The three-month Trans-Tasman industrial action began in August 1890 and involved at least 50,000 miners and transport and pastoral workers in New South Wales (NSW), Victoria, Queensland, and South Australia, and 8,000 in New Zealand. Most strikers went back to work in November because they could not afford to continue. Support from nonstriking unionists dwindled. The Illawarra miners were among the stragglers that returned to work in January 1891. Many industries around the Tasman Sea ground to a halt. The strike caused much bitterness over the use both of strikebreakers and police. Governments employed armed military troops and special police in all the major ports of Sydney, Melbourne, Newcastle, Adelaide, Brisbane, Auckland, Wellington, Lyttelton, and Dunedin. The strike coincided with the start of the "long depression" of the 1890s. Labor Party members won in subsequent elections starting in South Australia in January 1891. The Australian Labor Party did not form until Australian federation in 1901. The party's origins, however, date to 1891 and the formation of the NSW Labor Electoral League and the United Labor Party in South Australia. Between 1894 and 1919, Australasian state and national governments passed legislation that established a distinctive system of conciliation and arbitration. In the wake of the 1890 Maritime Strike, states established industrial tribunals for settling industrial issues and the sponsorship of trade unions. During this time, Australasia came to be regarded as a "social laboratory," as a raft of labor legislation was introduced.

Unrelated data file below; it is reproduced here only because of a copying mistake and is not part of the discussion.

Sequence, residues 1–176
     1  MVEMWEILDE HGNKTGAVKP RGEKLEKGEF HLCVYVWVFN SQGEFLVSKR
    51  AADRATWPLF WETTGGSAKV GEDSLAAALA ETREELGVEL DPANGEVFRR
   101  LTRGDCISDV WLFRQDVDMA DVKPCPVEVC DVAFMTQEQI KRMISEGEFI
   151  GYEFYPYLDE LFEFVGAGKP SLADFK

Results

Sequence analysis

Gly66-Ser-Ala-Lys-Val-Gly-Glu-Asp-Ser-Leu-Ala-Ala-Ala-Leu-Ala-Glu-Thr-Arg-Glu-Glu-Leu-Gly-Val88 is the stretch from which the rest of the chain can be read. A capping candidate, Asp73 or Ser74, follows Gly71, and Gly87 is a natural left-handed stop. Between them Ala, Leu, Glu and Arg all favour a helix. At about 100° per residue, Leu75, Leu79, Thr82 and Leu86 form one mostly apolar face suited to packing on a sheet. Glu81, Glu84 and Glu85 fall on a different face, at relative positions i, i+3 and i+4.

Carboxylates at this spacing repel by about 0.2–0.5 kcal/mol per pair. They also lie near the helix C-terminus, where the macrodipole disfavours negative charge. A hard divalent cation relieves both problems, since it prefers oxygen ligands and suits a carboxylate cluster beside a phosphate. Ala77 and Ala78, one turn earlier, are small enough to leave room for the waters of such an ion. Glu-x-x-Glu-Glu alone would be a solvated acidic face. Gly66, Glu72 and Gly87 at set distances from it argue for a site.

- 1870: Franco-Prussian War begins. German troops sweep over France, Napoleon III is dethroned, and France's Second Empire gives way to the Third Republic.